Before leaving the south, a short visit to Pont-du-Gard, an aqueduct built by the Romans, during the early or middle of the 1st century. It’s part of a total aqueduct system bringing water from close to Uzez to Nîmes (Nemausus during Roman times), totally some 50 km (31 miles) – not going quite as straight as indicated on the map. It had a for those days heavy capacity of some 20.000 cubic meters (5 million gallons) a day.
The Pont-du-Gard crosses the small river Gardon, affluent to the Rhône River, which is beautiful and good for bathing and canoeing etc...
It is believed that it took some three years to build Pont-du-Gard, involving maybe 1000 workers. The heavy stones, several tons each, were made to fit perfectly together without use of mortar.
The real aqueduct part is on the third level – followed by a tunnel on the south bank. You can now make a guided tour. During my first visit here some 40 years ago together with my future wife, we could walk freely everywhere, including on the stones covering the aqueduct.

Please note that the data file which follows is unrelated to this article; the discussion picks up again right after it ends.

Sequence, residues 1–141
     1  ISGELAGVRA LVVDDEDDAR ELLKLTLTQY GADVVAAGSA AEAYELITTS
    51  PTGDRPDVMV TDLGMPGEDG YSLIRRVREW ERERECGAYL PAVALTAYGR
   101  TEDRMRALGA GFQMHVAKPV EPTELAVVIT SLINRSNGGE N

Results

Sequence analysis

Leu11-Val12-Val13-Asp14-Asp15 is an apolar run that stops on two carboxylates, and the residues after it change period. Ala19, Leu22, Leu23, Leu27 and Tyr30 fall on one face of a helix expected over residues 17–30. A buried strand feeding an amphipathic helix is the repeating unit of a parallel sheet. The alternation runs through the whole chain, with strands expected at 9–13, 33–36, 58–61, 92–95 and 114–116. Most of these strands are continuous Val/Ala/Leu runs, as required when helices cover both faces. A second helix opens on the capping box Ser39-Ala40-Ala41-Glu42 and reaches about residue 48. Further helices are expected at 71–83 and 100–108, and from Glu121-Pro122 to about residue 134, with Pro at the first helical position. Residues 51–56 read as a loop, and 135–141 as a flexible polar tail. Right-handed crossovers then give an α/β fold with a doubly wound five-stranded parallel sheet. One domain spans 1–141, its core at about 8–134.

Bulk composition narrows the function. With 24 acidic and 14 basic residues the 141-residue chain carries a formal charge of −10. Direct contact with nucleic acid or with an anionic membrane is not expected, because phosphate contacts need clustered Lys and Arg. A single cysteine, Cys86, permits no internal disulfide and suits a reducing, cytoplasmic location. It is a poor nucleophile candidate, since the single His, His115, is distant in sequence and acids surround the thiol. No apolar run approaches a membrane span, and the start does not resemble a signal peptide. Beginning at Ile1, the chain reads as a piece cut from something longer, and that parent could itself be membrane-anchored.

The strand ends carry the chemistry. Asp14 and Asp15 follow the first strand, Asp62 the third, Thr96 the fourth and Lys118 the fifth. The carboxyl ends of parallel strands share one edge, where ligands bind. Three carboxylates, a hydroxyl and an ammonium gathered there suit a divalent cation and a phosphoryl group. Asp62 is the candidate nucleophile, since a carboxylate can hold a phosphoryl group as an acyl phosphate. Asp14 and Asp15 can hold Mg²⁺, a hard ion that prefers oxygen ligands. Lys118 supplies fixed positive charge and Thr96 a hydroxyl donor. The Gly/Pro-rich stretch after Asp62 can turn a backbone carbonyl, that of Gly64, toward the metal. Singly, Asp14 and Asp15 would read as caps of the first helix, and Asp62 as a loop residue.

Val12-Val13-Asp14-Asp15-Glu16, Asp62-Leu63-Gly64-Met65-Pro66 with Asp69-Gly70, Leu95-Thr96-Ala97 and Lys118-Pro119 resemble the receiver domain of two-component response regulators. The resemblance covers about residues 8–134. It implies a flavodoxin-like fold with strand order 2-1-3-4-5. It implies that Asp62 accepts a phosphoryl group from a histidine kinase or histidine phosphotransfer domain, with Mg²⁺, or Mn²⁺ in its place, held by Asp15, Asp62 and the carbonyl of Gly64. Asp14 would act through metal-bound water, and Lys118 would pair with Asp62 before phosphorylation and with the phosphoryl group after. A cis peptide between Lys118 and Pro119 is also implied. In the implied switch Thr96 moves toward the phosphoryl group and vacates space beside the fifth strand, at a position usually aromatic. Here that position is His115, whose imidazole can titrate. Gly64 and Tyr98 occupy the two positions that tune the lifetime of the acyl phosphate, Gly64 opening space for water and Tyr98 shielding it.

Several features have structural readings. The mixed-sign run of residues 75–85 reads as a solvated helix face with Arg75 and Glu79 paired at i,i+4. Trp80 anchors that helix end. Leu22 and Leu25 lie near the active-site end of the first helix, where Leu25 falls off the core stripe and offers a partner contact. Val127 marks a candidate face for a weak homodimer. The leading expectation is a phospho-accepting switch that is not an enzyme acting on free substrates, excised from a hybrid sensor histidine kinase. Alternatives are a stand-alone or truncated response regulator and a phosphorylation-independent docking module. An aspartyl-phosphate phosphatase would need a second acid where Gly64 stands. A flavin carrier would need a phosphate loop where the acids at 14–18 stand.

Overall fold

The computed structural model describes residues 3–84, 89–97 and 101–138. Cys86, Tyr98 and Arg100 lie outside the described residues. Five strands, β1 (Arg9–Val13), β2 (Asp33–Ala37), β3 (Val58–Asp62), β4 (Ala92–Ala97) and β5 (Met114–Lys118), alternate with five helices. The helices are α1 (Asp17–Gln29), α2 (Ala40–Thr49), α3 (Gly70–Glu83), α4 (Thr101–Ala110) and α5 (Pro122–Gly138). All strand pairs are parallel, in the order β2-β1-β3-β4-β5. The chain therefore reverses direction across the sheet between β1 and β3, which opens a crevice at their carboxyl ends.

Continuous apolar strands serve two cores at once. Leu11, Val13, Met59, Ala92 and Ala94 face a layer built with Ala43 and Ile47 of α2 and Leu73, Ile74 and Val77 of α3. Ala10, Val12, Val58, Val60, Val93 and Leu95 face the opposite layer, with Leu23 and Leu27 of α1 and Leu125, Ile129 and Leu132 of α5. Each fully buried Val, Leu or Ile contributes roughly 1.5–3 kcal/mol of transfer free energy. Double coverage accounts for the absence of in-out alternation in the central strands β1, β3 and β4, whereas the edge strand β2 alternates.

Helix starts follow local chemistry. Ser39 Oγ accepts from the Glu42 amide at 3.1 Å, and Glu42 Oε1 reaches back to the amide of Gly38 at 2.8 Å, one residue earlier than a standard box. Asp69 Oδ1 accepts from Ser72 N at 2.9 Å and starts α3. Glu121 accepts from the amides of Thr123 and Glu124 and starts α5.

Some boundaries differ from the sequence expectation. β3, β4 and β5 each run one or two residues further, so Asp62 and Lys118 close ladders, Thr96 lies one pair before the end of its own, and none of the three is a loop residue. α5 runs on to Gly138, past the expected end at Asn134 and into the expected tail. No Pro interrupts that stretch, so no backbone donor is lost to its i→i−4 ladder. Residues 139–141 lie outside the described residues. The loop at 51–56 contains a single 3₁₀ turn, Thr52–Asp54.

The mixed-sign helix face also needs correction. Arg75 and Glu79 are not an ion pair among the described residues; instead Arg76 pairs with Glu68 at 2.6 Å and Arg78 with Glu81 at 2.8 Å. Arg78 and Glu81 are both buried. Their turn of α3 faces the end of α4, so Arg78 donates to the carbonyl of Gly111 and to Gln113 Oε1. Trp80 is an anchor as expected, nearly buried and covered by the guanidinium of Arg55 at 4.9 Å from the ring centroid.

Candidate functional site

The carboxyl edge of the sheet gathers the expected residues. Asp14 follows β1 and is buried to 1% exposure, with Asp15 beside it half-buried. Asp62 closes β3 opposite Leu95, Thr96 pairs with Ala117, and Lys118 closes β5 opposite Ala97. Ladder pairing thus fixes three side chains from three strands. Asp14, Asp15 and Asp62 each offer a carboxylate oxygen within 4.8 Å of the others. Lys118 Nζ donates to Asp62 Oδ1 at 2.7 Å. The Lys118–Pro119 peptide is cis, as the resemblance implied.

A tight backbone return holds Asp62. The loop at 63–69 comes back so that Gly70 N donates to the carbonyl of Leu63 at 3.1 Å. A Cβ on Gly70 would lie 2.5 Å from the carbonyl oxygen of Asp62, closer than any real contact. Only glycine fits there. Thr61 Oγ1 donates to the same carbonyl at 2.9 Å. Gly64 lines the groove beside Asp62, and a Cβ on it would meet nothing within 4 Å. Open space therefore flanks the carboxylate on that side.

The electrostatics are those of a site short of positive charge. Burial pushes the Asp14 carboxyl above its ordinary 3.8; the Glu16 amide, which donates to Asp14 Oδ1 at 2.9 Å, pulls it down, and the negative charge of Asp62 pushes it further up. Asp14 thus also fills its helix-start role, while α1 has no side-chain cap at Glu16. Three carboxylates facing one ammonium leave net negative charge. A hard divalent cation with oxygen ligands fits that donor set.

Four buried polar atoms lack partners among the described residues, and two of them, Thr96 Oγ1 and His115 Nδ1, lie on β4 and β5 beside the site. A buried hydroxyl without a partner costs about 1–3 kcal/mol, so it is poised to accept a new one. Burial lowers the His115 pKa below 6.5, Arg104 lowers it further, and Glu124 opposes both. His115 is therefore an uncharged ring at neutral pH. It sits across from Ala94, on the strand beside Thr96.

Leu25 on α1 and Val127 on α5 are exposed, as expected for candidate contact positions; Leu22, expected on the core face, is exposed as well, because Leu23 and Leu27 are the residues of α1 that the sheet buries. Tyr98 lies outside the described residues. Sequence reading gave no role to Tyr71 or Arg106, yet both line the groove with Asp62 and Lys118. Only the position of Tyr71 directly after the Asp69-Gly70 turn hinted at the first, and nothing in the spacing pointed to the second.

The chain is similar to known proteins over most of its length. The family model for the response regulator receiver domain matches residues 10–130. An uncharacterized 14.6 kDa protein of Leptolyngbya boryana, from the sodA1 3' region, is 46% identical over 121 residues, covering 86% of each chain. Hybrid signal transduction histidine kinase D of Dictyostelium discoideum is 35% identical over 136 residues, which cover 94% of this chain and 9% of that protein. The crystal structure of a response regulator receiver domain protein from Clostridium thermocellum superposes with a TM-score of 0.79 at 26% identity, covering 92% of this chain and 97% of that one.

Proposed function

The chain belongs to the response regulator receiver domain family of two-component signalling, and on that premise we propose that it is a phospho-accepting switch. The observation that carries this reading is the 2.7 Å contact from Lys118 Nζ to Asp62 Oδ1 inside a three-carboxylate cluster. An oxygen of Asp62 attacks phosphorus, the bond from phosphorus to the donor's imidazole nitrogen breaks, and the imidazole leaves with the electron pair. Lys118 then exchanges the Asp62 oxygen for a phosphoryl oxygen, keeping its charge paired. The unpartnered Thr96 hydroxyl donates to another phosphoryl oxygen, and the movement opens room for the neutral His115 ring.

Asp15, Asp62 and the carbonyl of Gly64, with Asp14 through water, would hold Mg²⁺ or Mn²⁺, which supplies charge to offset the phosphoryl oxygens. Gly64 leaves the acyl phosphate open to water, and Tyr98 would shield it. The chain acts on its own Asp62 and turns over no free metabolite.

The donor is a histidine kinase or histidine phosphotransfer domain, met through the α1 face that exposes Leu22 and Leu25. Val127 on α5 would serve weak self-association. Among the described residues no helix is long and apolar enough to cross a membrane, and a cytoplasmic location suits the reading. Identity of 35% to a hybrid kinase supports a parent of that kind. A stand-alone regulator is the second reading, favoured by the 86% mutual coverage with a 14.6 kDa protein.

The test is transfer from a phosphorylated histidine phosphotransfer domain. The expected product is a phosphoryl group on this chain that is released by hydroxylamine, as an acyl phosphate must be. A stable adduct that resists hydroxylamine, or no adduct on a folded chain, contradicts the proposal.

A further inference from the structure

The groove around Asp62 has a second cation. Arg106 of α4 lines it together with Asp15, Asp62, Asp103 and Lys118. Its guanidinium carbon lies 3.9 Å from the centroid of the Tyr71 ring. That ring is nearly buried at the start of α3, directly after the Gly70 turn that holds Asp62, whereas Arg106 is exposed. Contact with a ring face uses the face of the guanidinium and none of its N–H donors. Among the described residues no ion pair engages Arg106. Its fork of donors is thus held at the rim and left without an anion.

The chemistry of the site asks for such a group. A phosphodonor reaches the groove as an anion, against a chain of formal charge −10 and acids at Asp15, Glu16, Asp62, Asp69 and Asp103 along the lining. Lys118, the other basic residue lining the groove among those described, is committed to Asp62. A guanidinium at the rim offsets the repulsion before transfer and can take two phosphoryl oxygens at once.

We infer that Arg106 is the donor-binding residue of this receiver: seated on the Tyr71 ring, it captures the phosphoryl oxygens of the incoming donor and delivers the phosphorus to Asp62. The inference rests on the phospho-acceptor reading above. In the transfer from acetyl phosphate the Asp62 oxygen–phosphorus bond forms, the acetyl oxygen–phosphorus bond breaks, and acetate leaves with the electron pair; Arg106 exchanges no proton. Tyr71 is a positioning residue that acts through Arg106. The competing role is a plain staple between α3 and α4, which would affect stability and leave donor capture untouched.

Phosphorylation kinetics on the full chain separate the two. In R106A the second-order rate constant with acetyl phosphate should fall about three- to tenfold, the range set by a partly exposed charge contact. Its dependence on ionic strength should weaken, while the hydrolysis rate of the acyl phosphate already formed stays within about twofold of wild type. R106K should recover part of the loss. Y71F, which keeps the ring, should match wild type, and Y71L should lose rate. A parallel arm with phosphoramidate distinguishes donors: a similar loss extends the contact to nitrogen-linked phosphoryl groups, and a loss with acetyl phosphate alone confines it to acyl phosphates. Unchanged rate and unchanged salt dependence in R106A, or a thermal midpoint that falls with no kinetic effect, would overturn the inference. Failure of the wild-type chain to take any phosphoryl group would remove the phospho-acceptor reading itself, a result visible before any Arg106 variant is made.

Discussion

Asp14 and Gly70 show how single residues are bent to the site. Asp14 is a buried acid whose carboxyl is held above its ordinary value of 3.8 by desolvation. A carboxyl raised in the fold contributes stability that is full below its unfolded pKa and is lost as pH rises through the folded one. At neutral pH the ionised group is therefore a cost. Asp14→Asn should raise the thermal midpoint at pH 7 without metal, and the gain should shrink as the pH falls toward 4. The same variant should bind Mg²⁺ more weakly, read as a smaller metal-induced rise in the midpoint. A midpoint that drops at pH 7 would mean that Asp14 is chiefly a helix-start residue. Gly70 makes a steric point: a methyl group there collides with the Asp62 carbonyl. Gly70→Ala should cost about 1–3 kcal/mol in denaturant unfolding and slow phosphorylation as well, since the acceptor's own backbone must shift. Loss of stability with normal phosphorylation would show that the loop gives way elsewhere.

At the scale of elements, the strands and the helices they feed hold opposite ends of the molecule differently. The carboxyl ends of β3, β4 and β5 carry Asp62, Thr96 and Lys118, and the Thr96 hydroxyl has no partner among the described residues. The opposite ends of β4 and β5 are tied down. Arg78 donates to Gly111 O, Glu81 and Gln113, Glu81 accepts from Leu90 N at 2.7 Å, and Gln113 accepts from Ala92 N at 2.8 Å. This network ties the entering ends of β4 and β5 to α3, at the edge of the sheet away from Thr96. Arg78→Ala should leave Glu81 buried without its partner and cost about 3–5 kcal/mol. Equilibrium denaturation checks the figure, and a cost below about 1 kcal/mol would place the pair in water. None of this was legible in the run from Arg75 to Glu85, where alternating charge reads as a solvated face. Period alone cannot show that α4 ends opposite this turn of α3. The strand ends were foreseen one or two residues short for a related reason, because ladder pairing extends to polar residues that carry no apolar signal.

To the lower level, used as bridge for horses and pedestrians, was added a real road bridge in 1743. You can see some “tagging” from the 18th and 19th century. This bridge was open for traffic until a few years ago, when the whole area became pedestrian, got a museum etc.
The Pont-du-Gard is part of UNESCO’s list of World Heritage sites since 1985.
When we visited together with grandkids, it was a hot day, including quite a bit of climbing to get the best views. It was really nice to make a lunch break under the linden-trees.